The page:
MTPR

Montana politics

In a debate that seemed as late as Friday not likely to happen, Republican Ryan Zinke met Democrat John Lewis in a statewide debate that focused on experience and education Monday night in Billings.

Montana PBS had already cancelled broadcast coverage after Zinke cited a scheduling conflict, but the Monday evening debate was available across the state on radio. You can listen to the debate from Yellowstone Public Radio.

Neither candidate has widespread name recognition – Zinke having served in the state legislature and Lewis as state director for former U.S. Sen. Max Baucus – so the debates are a vital piece of both men’s campaigns, according to University of Montana political science professor Christopher Muste.

I think Zinke will attack Lewis for being inexperienced and Lewis will attack Zinke for being out of touch and having extreme views on a number of issues,” Muste said in the pre-debate analysis with Montana Public Radio.

The debate, in the end, was largely a civil and substantive affair. Zinke stuck hard to the issues of education and energy independence, claiming that Montana “had enough coal to support the nation at peak consumption for the next 100 years.”

Lewis countered that Zinke would pursue oil and gas exploration at all times and criticized him for not support limits on energy exploration near Glacier National Park, a position supported by current U.S. Rep. Steve Daines.

On education, Zinke stated he rejected the increasingly controversial learning standards known as Common Core and wanted to boost more training for skilled labor.

Lewis focused his efforts in staking out support for higher education and reducing student loans. He said by financing student loans “much like you would a house” and ensuring continued access to Pell Grants, he could cut the amount of debt many Montana students have. He added that Zinke would cut support for higher education, making it more expensive for students.

The two meet again on Saturday for a debate in Bozeman.

Montana Lawmakers and state agency officials convened a 'meth summit' in Helena Saturday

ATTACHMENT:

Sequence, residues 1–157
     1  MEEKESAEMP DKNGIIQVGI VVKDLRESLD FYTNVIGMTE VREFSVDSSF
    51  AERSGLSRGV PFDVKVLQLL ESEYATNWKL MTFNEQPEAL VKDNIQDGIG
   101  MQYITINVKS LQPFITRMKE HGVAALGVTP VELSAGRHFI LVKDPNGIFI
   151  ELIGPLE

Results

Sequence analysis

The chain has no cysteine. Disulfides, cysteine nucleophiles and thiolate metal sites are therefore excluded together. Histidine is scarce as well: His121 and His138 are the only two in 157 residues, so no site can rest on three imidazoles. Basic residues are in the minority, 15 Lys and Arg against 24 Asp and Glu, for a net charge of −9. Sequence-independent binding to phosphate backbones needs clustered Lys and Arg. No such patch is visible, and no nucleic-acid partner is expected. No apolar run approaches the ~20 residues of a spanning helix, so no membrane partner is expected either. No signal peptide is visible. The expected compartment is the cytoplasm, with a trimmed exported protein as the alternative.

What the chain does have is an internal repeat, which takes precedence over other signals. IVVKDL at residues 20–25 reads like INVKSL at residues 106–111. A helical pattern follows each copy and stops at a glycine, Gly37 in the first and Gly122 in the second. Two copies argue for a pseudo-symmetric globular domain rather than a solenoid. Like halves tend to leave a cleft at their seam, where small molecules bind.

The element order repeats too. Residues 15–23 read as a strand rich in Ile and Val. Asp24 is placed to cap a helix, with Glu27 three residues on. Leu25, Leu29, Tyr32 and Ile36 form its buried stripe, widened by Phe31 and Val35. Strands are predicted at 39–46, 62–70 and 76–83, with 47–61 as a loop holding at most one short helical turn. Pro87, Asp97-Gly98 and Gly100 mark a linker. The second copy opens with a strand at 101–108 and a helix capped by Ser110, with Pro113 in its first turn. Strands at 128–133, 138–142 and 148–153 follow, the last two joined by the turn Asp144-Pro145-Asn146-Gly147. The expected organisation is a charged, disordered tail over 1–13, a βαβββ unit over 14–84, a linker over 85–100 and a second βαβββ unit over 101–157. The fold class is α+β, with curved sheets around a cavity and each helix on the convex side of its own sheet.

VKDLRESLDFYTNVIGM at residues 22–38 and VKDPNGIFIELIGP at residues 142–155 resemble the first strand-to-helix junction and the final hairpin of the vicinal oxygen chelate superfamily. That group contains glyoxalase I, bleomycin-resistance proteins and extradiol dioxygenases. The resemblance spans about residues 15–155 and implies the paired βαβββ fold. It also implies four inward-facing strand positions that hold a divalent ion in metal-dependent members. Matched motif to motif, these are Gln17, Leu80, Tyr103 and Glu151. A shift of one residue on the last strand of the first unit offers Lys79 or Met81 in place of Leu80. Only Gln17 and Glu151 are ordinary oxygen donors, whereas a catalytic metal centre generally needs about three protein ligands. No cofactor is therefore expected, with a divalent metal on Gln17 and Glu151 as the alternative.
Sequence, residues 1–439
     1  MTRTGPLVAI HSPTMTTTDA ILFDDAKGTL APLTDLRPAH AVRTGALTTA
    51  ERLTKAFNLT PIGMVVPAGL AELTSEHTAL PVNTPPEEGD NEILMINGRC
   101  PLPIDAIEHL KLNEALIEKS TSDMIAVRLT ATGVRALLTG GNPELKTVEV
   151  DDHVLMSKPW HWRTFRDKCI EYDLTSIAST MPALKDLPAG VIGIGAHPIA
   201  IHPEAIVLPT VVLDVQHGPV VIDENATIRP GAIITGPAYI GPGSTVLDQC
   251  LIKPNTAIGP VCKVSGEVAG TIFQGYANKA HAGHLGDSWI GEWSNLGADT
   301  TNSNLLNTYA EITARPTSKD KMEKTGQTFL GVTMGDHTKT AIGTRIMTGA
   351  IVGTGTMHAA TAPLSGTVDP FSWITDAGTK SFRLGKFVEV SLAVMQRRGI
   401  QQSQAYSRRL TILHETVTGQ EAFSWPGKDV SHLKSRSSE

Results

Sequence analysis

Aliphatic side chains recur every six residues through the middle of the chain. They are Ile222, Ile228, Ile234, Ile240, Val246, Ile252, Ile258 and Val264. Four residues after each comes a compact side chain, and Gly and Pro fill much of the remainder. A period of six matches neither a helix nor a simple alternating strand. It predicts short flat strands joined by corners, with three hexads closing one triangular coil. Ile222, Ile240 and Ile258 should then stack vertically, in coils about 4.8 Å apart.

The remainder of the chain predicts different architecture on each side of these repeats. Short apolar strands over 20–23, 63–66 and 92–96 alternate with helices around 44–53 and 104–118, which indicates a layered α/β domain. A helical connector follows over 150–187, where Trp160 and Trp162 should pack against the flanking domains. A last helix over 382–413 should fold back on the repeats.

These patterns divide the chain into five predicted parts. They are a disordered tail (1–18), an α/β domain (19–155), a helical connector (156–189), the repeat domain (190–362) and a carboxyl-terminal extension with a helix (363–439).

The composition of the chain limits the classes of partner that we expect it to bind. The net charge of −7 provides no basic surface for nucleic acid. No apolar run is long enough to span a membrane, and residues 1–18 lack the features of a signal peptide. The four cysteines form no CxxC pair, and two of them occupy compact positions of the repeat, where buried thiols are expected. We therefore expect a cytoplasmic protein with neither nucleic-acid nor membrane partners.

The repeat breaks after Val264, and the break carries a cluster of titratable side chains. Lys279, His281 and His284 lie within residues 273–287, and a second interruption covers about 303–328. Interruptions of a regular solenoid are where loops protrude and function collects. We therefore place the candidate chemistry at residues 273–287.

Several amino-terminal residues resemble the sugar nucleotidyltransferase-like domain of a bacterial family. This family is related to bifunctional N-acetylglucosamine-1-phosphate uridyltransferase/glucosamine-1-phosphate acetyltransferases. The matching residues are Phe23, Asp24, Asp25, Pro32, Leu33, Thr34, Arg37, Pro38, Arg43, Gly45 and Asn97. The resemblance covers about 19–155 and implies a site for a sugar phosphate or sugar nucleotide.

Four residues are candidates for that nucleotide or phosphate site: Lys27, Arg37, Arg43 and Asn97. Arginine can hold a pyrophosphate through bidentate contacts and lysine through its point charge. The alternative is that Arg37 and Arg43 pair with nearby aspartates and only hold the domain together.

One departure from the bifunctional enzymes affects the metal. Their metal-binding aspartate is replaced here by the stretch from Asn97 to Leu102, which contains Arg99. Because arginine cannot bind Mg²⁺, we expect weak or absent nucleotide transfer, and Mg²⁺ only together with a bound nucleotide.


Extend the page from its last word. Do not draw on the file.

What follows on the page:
Cal Reynolds

Montana’s ballooning meth epidemic is overwhelming state law enforcement, addiction treatment centers, and the criminal justice system.

That was the theme of the Montana Meth Summit - a bipartisan gathering of state lawmakers, agency officials, and members of the public held at the capitol on Saturday.

Montana Bill Would Prohibit Commissioner Of Political Practices From Working Beyond Term

Feb 17, 2017
Jonathan Motl, current Commissioner of Political Practices, provides testimony against House Bill 406 Friday, Feb. 17. The bill is one of many introduced by Republicans in an effort to dismantle the office.
Freddy Monares

Montana Republicans furthered their efforts to dismantle the Office of the Commissioner of Political Practices by introducing a bill today that would prohibit past, present and future commissioners from doing any work for the office.

On this episode of "Capitol Talk": The Legislature debates a bill to add sexual orientation and gender identity to the state's anti-discrimination law; should teachers carry guns in schools; proposed university cuts and how they could raise tuition; the delay in Zinke's confirmation hearing; and a new poll shows Rob Quist and Amanda Curtis are the front-runners on the Democratic side to replace Zinke in Congress.

Congressman Ryan Zinke testifying before the Senate Energy and Natural Resources Committee January 17.
CSPAN

If the Senate votes to confirm Representative Ryan Zinke as the next Interior Secretary, he will become the first Montanan to hold a cabinet level position. This first has many Montanans wondering, how does this work?

Rep. Derek Skees.
Freddy Monares - UM Legislative News Service

In a late vote Monday evening, a Republican-backed bill to eliminate the state’s office of political practices took another step forward, passing in the Montana House of Representatives.

The bill to dismantle the state's Office of Political Practices passed largely on party lines as Republicans muscled House Bill 340 through its first key vote on the House floor.

Senator Jennifer Fielder (R) SD-7.
Mike Albans

A national government watchdog organization filed a lawsuit this morning against Montana. Campaign for Accountability is suing Sen. Jennifer Fielder, a Republican from Thompson Falls, and the State Legislative Services Division for allegedly failing to comply with a public records request.

Matt Powell-Palm was notified the Senator was going to arrive in Bozeman last Friday afternoon on Facebook through a group called The Gallatin Progressive Action Network.

He wanted face to face time with Senator Daines, something he says the Senator has not given his Montanan constituents enough of lately.

Sen. Jon Tester.
PD

A proposed constitutional amendment declaring that corporations are not people faces extremely long odds, according to one Montana political scientist. Senator Jon Tester announced earlier this month that he plans to introduce three campaign finance-related bills.

Montana Capitol, Helena.
Mike Albans

A group of Republican-led lawmakers has pushed forward an effort to eliminate Montana’s office of Political Practices. The bill introduced by Derek Skees, a Republican from Kalispell, passed out of a judiciary committee of state representatives today, on a party-line vote.

Sen. Daines shuts down Sen. Warren and votes to confirm Betsy DeVos. Will the special congressional election be a mail-only affair? A death penalty repeal bill narrowly fails at the Montana Legislature. Join MTPR's Sally Mauk and UM Political Science Professor Rob Saldin for analysis of these stories on "Capitol Talk," your weekly legislative analysis program.

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